According to the latest research on prostate cancer prevention, it’s important to be proactive and consult with a doctor to establish a prostate cancer screening schedule. The choice of screening options should make sense and take into consideration the personal risk factors and family history. Exactly when screening starts depends on a number of considerations, primarily based on statistics of prostate cancer and how it occurs among different population groups. Some important considerations include;

  • Family history of prostate, ovarian, breast, colon, or pancreatic cancers among male and female relatives
  • African ancestry
  • Age
  • Where a person lives

Watch for These Signs

More often than not, there are not fast and true warning signs for prostate cancer. That is because, an active prostate tumor usually does not push against anything to cause pain, so the disease can go undetected for years. However, there are certain signs and symptoms that are important to bring to a doctor’s attention. In some cases, prostate cancer can cause symptoms that include:

  • A need to urinate frequently, especially at night, sometimes urgently
  • Difficulty starting or holding back urination
  • Weak, dribbling, or interrupted flow of urine
  • Painful or burning urination
  • Difficulty in having an erection
  • A decrease in the amount of fluid ejaculated
  • Painful ejaculation
  • Blood in the urine or semen
  • Pressure or pain in the rectum
  • Pain or stiffness in the lower back, hips, pelvis, or thighs

Sudden onset of any of these symptoms merits a call to the doctor.

Be Frank With Your Doctor

Sharing sensitive health information isn’t the easiest thing to do in some cases. Many of us feel that health concerns is a private matter, and many people feel embarrassed about health problems. In some families and cultures, it’s taboo to discuss personal problems, particularly health related.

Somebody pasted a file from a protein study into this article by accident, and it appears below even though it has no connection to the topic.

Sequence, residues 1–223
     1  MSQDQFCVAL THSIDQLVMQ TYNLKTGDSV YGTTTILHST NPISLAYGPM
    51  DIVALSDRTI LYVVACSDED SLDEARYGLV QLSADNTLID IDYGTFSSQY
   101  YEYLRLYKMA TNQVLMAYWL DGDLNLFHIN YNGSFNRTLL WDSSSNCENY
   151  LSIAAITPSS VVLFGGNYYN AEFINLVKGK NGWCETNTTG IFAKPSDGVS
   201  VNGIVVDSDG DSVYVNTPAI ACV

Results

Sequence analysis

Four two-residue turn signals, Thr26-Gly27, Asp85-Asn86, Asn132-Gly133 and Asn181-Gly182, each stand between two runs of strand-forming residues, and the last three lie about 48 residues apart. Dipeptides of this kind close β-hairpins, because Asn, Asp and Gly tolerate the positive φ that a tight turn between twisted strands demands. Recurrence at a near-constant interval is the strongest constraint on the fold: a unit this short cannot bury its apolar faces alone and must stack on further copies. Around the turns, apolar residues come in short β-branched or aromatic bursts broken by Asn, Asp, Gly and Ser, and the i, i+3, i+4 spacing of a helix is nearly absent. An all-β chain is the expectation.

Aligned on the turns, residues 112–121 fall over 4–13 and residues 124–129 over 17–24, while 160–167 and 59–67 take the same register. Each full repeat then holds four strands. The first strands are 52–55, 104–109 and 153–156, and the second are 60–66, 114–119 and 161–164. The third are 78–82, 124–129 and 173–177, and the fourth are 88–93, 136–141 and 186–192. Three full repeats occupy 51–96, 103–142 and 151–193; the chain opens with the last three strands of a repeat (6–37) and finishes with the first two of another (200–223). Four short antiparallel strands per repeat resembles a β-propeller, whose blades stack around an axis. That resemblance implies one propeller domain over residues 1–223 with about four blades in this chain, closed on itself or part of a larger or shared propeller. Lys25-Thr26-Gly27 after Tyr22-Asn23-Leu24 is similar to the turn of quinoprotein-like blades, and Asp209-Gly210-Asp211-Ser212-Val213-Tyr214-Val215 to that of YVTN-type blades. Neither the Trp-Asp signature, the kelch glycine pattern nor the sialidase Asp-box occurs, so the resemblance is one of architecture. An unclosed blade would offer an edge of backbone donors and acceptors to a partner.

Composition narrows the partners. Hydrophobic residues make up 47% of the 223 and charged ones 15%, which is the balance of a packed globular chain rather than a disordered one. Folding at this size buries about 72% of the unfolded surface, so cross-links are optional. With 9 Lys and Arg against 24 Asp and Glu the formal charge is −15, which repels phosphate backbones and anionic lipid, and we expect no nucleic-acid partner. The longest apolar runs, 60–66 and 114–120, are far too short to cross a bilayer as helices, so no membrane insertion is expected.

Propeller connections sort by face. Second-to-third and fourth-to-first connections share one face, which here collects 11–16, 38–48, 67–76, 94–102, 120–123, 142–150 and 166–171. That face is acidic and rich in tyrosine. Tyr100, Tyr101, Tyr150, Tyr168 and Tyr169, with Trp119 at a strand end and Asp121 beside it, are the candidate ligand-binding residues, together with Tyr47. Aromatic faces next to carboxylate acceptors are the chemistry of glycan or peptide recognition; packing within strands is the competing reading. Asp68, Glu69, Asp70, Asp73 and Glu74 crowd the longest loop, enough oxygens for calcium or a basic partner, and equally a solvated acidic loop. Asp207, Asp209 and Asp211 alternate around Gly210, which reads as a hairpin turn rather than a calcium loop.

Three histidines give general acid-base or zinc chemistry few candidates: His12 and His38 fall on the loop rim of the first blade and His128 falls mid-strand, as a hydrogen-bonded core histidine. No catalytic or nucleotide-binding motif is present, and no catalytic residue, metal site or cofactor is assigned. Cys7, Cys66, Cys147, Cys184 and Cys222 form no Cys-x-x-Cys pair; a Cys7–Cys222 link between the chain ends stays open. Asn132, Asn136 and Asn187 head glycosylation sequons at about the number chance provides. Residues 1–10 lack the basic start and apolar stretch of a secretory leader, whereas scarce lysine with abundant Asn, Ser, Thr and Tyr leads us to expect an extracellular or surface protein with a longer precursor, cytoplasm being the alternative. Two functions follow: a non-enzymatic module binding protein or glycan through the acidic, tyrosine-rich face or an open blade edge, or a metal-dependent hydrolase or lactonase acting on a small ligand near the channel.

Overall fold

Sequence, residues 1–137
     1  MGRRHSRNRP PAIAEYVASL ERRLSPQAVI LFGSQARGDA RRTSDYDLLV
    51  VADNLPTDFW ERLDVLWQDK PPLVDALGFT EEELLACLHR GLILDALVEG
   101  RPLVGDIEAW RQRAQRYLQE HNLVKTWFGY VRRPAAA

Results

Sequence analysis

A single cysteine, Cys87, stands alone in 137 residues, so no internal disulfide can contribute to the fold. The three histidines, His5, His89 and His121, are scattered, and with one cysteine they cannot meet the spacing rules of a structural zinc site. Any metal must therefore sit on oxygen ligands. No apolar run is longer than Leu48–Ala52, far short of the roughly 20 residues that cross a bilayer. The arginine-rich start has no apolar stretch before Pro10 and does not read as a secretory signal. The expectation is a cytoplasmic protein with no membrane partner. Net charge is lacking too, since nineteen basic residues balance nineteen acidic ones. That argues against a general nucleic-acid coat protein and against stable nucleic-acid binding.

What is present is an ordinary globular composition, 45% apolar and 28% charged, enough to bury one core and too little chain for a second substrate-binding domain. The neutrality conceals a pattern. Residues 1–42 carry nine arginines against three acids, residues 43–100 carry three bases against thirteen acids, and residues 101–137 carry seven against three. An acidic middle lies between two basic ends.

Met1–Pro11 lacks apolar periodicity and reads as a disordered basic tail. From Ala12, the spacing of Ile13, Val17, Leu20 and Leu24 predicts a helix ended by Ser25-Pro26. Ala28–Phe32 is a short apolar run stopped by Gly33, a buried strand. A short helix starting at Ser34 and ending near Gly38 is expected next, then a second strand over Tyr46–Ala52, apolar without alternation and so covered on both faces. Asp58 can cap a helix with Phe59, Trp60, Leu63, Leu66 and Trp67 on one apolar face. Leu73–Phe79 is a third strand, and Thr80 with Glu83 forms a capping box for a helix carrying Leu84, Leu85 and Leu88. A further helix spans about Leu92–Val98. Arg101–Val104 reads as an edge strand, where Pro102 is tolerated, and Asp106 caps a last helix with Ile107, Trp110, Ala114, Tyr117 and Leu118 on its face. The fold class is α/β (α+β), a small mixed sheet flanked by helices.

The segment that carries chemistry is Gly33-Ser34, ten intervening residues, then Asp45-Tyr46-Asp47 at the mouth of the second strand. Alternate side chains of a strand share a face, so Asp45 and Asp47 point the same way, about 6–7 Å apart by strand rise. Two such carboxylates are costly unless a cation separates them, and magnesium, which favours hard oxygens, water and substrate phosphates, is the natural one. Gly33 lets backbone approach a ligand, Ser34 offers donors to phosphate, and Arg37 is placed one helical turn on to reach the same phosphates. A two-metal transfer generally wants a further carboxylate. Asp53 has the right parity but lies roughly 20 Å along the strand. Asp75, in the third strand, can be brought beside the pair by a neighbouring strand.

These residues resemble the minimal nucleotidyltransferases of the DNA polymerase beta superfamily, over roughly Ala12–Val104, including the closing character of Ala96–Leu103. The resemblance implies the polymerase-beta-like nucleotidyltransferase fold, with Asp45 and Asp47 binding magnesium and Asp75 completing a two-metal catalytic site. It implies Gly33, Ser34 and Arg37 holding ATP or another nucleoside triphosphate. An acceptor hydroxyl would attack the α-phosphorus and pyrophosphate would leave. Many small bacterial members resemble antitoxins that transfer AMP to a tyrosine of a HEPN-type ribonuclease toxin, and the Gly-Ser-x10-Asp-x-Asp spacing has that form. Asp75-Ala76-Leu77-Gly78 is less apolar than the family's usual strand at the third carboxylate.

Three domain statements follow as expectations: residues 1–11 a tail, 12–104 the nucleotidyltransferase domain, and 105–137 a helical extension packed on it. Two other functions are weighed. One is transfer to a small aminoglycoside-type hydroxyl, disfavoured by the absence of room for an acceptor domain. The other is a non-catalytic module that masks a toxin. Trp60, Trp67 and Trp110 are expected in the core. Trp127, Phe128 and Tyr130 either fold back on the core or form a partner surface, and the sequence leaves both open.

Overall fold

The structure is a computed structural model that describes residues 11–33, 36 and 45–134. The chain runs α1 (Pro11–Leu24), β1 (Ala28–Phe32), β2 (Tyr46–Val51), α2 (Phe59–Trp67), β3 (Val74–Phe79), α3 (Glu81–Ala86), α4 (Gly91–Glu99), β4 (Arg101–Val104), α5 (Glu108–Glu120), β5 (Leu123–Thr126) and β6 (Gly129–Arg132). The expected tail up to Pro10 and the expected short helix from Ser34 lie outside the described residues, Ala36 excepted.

The latest cancer research offers new information about the interplay between genes, cancer, and cancer treatments. Research points out that certain types of cancer are much more prevalent in people with specific genetic mutations. This means that a blood relative who experiences cancer—even if they are the first or only relative diagnosed—could have an effect on your health. It’s a good idea to think about a more aggressive screening regimen or ordering a genetic test when there is a history of cancer in the family. Of particular important is; breast, ovarian, prostate, pancreatic, and colorectal cancers as these are known to arise in families sharing certain genetic mutations.

Genetic tests are relatively new, but they represent a a way to get ahead of cancer. Some of the newest cancer treatments are even keyed to specific mutations. This information is helpful when treating people who carry a given mutation who may benefit from a specific drug targeted to that mutation.

Success in treating prostate cancer can depend on early detection. This is why taking the time to develop an individualized screening plan can help maintain a positive path to long-lasting prostate health.

About California HIFU and Dr. Lazar

Dr. Lazar is part of Northern California Medical Associates (NCMA) and operates California HIFU in Santa Rosa. He is the medical director of HIFU Prostate Services, LLC, a leading provider of minimally-invasive prostate cancer treatments using High Intensity Focused Ultrasound (HIFU).Dr. Michael Lazar offers a HIFU Program in partnership with HIFU Prostate Services, LLC (HPS). HIFU Prostate Services, LLC (HPS) is a leading provider of minimally-invasive prostate cancer treatments using High Intensity Focused Ultrasound (HIFU). HIFU prostate treatments are performed at San Francisco Surgery Center (SFSC). SFSC offers patients a state-of-the-art facility that is convenient to hotels and the airport.

Call Dr. Lazar at (707) 546-5553 for more information and to learn if you qualify , or simply fill out and submit the online form here.